Evita Sempai is a short, link-based story about a young woman in 1950s Argentina. She narrates in the first person on her family troubles and her admiration for Eva Peron. Her feelings about Peron are intensified through a personal encounter. I don't know what 'Sempai' means or in what language, but 'semp' words are usually about 'always' and/or loyalty, which fits.
The narration is direct but without much elaboration. In most cases, links telescope out to slightly longer lines of prose, showing runs of actions or little vicissitudes. In places where there's opportunity for emotionality, I felt I was expected to supply it, rather than that the prose would, but the story's shortness and modesty of exposition meant I didn't invest much.
I would have liked to re-read a couple of details in retrospect, but without a back button or transcript available, I could only do that by playing again from the start. For the same reasons I did not want to replay Ms. Lojka, I did not want to replay Evita Sempai. Pauses in Evita are fairly constant and enforced. For instance, four lines can fade in to form a paragraph over twenty seconds. I don't want printed prose narratives to do this kind of thing. I want to be allowed to read and digest prose at whatever is my desired or current reading speed, then have my brain sort the appropriate mental pace afterwards based on the prose content.
Interestingly (but probably not coincidentally, in terms of ways Twine projects are developing) Evita Sempai has almost the same link structure as Ms Lojka: Linear with clickable details on the way, followed by one big choice at the end. The two games also have similar blurbs:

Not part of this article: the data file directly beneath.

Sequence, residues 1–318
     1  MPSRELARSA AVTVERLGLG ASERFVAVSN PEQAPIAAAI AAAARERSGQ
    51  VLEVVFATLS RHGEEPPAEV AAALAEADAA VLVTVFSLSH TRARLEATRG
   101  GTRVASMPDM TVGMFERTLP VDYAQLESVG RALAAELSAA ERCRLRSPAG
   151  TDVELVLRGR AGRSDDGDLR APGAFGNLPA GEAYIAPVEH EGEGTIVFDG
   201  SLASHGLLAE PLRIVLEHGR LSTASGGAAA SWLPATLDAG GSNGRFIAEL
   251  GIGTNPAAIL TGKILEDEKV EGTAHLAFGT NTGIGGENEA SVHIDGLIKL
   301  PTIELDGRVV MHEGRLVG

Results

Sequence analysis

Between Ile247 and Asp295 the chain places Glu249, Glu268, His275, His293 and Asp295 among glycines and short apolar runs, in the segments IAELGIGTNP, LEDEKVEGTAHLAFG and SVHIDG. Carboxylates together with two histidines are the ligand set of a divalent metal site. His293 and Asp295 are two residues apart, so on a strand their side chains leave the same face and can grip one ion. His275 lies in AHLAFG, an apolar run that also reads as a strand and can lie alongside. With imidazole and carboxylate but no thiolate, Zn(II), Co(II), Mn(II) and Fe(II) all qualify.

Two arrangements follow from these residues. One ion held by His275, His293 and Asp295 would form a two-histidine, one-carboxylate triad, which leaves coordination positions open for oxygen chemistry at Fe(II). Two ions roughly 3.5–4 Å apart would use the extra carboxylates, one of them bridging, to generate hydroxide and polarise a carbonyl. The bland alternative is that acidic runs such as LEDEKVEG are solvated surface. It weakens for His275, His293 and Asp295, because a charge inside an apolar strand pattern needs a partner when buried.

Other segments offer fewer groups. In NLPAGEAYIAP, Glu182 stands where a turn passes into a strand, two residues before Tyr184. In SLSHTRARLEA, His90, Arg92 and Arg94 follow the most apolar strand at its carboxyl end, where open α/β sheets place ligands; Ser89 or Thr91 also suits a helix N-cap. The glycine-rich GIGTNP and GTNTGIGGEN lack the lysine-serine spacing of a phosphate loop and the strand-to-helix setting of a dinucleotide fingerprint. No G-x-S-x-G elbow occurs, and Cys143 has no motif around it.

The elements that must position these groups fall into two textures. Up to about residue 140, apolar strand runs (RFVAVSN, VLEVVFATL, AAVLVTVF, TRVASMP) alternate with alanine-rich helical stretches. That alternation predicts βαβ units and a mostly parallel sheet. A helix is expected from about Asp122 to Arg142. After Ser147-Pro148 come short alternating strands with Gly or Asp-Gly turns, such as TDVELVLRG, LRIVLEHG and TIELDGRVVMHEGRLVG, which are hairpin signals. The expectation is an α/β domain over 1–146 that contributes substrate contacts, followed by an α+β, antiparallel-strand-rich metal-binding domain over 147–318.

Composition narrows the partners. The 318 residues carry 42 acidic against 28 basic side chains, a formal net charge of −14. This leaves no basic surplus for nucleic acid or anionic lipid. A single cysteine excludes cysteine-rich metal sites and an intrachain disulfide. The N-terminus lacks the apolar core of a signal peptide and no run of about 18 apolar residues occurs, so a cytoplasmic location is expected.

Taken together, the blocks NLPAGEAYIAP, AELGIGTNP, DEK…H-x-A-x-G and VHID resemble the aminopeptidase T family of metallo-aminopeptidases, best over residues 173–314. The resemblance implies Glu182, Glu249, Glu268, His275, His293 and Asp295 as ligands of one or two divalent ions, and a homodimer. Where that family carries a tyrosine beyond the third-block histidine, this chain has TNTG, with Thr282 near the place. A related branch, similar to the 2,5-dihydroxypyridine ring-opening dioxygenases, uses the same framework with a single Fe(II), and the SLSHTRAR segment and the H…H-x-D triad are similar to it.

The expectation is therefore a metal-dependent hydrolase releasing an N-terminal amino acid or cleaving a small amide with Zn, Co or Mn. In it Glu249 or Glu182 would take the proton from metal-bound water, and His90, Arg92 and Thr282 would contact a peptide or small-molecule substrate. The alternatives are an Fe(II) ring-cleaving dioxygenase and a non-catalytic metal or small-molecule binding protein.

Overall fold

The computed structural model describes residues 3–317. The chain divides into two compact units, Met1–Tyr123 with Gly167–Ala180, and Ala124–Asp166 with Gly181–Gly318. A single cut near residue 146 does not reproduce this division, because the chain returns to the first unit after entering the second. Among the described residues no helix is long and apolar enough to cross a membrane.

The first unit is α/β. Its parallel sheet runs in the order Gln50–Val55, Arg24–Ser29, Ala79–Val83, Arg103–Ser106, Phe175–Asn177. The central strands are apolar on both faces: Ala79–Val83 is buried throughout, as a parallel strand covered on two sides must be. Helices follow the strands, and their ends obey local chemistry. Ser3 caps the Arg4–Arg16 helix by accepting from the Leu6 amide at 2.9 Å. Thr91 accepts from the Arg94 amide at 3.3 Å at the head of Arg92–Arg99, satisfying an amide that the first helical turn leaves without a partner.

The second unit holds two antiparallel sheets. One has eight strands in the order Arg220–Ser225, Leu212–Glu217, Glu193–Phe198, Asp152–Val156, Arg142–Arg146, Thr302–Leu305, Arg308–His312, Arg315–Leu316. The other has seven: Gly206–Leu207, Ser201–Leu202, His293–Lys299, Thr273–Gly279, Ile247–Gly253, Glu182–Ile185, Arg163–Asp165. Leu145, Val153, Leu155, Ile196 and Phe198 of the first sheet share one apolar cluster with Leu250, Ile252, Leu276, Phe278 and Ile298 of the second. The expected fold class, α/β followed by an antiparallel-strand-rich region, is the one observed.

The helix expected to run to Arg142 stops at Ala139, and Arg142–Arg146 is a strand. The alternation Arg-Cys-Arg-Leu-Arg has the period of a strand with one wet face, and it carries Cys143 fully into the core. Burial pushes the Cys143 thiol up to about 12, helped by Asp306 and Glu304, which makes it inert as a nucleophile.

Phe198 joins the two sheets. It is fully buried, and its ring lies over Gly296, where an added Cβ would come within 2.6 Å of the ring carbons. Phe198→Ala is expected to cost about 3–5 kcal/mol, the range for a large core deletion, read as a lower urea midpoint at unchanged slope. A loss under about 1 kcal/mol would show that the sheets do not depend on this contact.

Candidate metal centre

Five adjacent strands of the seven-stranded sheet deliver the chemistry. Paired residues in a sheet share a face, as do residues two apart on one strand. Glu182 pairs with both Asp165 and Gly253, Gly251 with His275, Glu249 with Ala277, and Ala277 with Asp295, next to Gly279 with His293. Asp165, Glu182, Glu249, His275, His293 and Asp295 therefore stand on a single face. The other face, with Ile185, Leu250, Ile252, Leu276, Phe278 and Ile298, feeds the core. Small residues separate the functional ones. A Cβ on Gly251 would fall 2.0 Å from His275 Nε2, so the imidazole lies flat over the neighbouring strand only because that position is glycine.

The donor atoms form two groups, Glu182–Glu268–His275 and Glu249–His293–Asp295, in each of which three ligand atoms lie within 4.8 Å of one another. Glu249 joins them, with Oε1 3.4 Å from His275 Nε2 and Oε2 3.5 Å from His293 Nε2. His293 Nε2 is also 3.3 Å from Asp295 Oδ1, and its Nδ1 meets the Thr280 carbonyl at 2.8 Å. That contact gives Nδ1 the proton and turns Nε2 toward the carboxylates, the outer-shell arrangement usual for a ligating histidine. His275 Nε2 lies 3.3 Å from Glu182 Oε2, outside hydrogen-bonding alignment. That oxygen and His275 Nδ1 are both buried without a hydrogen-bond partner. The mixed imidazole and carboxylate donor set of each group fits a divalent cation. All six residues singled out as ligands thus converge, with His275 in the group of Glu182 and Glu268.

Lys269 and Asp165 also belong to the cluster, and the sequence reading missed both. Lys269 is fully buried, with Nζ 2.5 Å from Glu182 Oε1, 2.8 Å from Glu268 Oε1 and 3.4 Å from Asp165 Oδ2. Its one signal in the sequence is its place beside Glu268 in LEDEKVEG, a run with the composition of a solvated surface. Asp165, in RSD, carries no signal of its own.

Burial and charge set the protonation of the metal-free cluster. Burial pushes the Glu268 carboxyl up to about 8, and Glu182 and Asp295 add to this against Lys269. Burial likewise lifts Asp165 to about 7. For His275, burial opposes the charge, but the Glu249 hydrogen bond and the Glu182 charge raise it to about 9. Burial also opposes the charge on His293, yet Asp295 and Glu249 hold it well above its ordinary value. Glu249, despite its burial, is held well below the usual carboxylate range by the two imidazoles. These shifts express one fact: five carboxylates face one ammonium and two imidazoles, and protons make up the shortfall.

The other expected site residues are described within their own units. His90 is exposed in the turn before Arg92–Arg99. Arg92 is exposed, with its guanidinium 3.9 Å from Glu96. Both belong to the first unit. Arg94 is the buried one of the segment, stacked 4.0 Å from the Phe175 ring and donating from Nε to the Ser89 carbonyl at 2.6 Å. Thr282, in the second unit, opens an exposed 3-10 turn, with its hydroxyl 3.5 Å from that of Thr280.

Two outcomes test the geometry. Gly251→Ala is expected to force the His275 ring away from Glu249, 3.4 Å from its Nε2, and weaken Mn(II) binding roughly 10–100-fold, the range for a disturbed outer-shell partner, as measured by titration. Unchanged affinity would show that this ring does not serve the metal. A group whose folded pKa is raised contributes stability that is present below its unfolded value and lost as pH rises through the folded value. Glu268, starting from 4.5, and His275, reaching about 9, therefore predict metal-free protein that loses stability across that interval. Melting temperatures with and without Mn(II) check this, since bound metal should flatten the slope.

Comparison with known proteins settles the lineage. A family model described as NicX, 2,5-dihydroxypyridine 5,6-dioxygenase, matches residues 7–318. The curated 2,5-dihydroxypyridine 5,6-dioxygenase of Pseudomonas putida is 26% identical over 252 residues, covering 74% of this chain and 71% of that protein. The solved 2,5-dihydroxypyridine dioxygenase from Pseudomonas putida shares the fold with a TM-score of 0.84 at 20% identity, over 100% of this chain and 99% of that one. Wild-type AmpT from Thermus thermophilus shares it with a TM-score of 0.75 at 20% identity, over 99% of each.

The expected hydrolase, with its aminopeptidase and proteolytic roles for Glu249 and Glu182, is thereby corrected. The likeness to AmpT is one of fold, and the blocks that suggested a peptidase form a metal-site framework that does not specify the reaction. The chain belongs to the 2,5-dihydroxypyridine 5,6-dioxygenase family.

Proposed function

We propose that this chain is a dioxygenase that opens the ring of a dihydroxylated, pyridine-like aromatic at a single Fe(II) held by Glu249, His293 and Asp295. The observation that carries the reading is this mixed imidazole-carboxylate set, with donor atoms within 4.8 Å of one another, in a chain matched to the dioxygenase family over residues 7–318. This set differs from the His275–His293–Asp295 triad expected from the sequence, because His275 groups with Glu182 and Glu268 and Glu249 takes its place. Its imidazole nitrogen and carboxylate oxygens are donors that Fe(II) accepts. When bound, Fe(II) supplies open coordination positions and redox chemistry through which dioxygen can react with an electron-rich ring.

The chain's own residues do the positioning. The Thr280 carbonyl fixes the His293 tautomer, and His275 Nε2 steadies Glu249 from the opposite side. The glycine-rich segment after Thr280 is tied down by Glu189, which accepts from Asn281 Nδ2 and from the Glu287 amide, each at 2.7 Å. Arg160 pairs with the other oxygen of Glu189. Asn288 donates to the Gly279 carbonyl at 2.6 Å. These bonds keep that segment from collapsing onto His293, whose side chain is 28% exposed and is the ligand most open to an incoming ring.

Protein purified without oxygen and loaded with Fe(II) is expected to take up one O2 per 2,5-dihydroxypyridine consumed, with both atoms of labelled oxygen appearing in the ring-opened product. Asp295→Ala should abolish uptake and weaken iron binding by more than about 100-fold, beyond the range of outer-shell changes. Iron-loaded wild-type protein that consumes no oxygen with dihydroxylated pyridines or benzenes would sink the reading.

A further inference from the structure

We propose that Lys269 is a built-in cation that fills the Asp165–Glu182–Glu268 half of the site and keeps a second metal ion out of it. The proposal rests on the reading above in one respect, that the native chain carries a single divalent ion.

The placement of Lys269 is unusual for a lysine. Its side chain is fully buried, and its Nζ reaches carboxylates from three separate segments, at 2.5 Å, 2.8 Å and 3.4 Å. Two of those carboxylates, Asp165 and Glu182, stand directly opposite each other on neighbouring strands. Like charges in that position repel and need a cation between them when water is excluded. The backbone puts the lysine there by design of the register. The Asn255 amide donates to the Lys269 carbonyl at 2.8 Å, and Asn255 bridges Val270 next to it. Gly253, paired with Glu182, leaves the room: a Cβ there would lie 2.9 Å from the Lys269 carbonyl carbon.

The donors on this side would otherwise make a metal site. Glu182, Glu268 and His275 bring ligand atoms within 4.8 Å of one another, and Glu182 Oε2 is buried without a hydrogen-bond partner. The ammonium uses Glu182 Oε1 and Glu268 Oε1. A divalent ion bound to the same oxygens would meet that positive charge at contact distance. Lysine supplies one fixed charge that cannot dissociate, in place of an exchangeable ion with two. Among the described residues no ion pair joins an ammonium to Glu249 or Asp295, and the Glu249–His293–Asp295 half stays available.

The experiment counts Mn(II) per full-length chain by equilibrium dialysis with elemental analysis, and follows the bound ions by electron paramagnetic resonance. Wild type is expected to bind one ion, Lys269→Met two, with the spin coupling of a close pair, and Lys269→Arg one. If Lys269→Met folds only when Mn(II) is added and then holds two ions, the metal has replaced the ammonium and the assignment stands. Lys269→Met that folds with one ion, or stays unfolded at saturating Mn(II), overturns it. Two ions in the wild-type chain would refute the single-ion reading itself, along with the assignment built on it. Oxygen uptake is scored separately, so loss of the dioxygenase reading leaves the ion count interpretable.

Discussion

Evita Sempai: "I made a game about family, duty, idealization and heartbreak."
Ms Lojka: "A short game about ignorance, defiance, and freedom—or: self-knowledge, acquiescence, and fate."
What happened with Evita Sempai was that I spent as much time reading bios of Evita and Argentina, to try to fill in gaps I felt might exist in my understanding of the story, as I did reading the story. This didn't help, since detailed history isn't particularly graftable onto or around a game as sparse as this one. I perceive a story that sort of interested me, but I felt I was outside the context and just wanted more detail from the prose itself.
One specific and important detail obviously was intended by the author, because it's a keyword for the game on the Spring Thing site that I only spied after playing, but again, with the game's overall vagueness, that keyword hadn't necessarily been part of my interpretation. Considering this incident (of mine), and the big theme blurbs for Lojka and for this game, and the Famous Baby blurb, and my memory of reading plaques in art museums and sometimes puzzling over their relationship to a work, I'm starting to think the blurbs for these short Twine games are pretty loaded. That is, they can figure much more heavily in the overall interpretation of the work than they necessarily would for longer pieces or different kinds of piece. And I'm not sure how hard authors are thinking about this yet. IFDB is full of Twine games with short content-listing blurbs that don't need or bother to hide anything, but here in Spring Thing where authors are trying to frame story-stories more coyly, it looks to be a harder task.